Retirement: one word, many meanings

Retire to cropped

Photo by Kathryn Severns Avery

Several months before his retirement, my husband and I went to dinner with two other couples. At one point during the evening the conversation turned to the topic of retirement. The three men at the table had three completely different ideas about what they wanted in the next phase of their lives.They were:

  • Retirement without working
  • Retirement with a transition period of working/consulting part-time
  • Retirement with launching a new career/business

Each man’s idea of retirement is what is right for him, yet the three scenarios require different mindsets, resources, and support structures to be successful.

The wives at dinner were also in different phases of retirement. One had retired and was not employed in any capacity. One was planning to continue working for five or more years and was enthusiastic about possibly expanding her business. The other, me, was planning to continue her existing line of work while launching a new business with her husband.

The relationships dynamics of all three couples are affected by their choices. For example, one couple disagreed about when the husband should retire. He wants to leave his work in a year. She prefers him to work for five more years and is uncomfortable with some of the changes his retirement will bring.

“The thought of being the primary bread winner for five years is frightening to me,” she said. “I also realize that I may feel jealous of his free time because I’m working and he’s off doing what he wants to do,” she continued.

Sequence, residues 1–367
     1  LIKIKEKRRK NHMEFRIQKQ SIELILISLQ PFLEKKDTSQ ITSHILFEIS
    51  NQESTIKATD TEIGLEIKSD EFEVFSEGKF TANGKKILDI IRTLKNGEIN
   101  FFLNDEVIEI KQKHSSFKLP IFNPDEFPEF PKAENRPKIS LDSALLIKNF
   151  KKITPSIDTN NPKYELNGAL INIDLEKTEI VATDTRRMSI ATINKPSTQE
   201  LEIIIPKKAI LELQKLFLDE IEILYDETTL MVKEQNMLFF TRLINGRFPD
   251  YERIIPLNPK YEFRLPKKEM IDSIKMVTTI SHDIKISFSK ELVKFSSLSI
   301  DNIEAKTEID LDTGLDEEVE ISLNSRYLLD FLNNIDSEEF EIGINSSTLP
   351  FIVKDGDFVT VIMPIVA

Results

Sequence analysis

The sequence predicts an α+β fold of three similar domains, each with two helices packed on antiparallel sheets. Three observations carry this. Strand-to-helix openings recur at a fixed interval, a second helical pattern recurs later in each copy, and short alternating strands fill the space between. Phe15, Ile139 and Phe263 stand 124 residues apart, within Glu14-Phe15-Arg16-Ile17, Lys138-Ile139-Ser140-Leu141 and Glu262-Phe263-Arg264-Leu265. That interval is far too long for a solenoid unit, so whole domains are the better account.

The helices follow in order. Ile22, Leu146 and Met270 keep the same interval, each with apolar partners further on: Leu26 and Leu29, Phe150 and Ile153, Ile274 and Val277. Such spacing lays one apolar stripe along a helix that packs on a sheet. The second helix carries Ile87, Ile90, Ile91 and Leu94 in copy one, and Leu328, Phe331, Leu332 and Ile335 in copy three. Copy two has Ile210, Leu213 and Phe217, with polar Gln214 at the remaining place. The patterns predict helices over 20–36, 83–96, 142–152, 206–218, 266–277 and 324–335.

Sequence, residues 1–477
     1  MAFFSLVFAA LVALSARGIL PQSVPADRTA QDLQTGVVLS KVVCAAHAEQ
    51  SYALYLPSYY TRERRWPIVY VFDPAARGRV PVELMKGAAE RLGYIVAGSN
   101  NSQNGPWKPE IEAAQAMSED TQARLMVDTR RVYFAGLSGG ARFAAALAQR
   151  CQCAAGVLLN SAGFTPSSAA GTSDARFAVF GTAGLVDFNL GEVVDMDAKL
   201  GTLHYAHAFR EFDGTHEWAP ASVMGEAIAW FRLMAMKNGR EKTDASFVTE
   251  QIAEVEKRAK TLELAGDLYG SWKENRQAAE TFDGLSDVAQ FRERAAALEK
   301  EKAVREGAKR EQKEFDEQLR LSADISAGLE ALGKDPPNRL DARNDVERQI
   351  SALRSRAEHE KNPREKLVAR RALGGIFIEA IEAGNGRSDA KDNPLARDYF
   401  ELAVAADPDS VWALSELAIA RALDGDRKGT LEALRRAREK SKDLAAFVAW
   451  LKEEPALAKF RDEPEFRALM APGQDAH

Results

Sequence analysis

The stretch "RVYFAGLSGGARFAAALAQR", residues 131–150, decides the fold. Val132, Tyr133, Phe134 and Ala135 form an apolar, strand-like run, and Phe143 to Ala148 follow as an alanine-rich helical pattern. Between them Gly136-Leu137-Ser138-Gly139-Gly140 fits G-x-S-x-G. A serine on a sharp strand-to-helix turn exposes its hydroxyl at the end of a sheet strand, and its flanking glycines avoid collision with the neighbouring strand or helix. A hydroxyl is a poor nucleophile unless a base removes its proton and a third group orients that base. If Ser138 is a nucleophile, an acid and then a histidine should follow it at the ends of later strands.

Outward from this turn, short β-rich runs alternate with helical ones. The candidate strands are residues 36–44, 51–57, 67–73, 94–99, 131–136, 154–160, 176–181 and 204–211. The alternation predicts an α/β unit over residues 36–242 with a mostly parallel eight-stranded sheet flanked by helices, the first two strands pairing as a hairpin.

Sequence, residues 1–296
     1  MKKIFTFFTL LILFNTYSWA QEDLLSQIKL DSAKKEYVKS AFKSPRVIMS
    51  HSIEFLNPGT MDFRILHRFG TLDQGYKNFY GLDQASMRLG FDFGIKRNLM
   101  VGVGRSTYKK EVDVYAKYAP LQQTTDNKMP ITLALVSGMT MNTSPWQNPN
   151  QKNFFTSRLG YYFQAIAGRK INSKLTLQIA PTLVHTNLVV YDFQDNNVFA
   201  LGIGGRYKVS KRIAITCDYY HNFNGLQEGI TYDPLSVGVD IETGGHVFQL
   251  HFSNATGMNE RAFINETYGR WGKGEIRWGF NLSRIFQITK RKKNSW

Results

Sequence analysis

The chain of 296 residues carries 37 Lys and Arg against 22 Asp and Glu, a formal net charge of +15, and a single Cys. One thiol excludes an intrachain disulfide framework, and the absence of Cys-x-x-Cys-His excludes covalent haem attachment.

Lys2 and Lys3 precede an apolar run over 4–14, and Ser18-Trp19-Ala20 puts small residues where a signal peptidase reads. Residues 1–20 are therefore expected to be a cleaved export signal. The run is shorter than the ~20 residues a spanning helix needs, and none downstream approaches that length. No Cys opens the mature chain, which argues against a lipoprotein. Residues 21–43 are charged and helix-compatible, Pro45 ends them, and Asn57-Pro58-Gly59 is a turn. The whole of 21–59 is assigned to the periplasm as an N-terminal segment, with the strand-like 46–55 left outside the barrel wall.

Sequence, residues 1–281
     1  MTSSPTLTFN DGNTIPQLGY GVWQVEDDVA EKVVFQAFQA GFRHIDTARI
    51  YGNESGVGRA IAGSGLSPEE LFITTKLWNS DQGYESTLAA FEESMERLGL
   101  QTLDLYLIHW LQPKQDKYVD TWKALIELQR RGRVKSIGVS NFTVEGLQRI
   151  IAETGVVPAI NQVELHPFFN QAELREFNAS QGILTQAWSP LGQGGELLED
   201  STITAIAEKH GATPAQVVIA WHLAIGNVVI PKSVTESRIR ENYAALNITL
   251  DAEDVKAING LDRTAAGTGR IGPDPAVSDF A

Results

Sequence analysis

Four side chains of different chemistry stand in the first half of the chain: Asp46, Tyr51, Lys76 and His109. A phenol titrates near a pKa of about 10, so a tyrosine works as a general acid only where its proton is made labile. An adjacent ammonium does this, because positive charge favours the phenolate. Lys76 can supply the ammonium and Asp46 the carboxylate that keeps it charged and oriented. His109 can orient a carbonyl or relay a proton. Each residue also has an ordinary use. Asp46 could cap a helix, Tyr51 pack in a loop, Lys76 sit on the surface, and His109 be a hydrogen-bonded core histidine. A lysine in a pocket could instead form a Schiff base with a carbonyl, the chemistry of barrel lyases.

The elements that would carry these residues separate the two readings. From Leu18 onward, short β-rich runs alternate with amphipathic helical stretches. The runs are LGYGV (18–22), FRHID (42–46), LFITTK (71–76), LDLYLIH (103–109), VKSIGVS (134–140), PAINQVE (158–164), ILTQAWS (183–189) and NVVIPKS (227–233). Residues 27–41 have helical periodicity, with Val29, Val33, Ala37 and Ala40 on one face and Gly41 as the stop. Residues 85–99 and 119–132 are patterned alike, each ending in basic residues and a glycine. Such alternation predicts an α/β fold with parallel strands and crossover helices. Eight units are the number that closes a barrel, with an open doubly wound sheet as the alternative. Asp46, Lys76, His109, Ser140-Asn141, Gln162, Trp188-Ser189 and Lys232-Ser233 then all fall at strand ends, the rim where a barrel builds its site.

The couple at dinner where one spouse has retired but the other is still working seemed to be enjoying their arrangement. Thus far, they have successfully avoided the issue of the working spouse resenting the retired spouse’s free time and the converse of the situation where the retired spouse resents lack of time with the working spouse.

What retirement means is intensely personal. To you it may mean fulfilling a lifelong dream of playing 18 holes of golf every day. But if your partner thinks retirement means working on projects together, conflicts are bound to arise. Discussing the meaning of retirement is a crucial during your countdown to retirement. By striking a balance through a process of give and take, you can ensure you will both have more meaningful retirement experiences.

No matter how much you discuss what retirement means to you and the best ways to create meaningful retirement experiences, your retirement reality may differ significantly from your discussions. Having conversations on a regular basis with family members and friends about the meaning of retirement and how that meaning is evolving will minimize conflicts and hurt feelings.

 

Kathryn Avery

About Kathryn Avery

When Kathryn Severns Avery’s husband, Chris, began contemplating retirement in 2014, she knew they had to quickly come up with a multi-faceted plan. They spent the next year discussing, sometimes heatedly, what they would do once he stopped working. On paper their plan looked exciting. They would head from Colorado to the 1891 sea captain’s house they bought and renovated in Rockland on Maine’s midcoast. But the reality of planning and implementing retirement was much different than expected. Kathryn has worked in radio, television, marketing, and public relations. She is the author of five books and has written articles on interior design and crafts for national and regional publications including Romantic Homes, Log Homes Illustrated, The Rocky Mountain News and Colorado Homes and Lifestyles.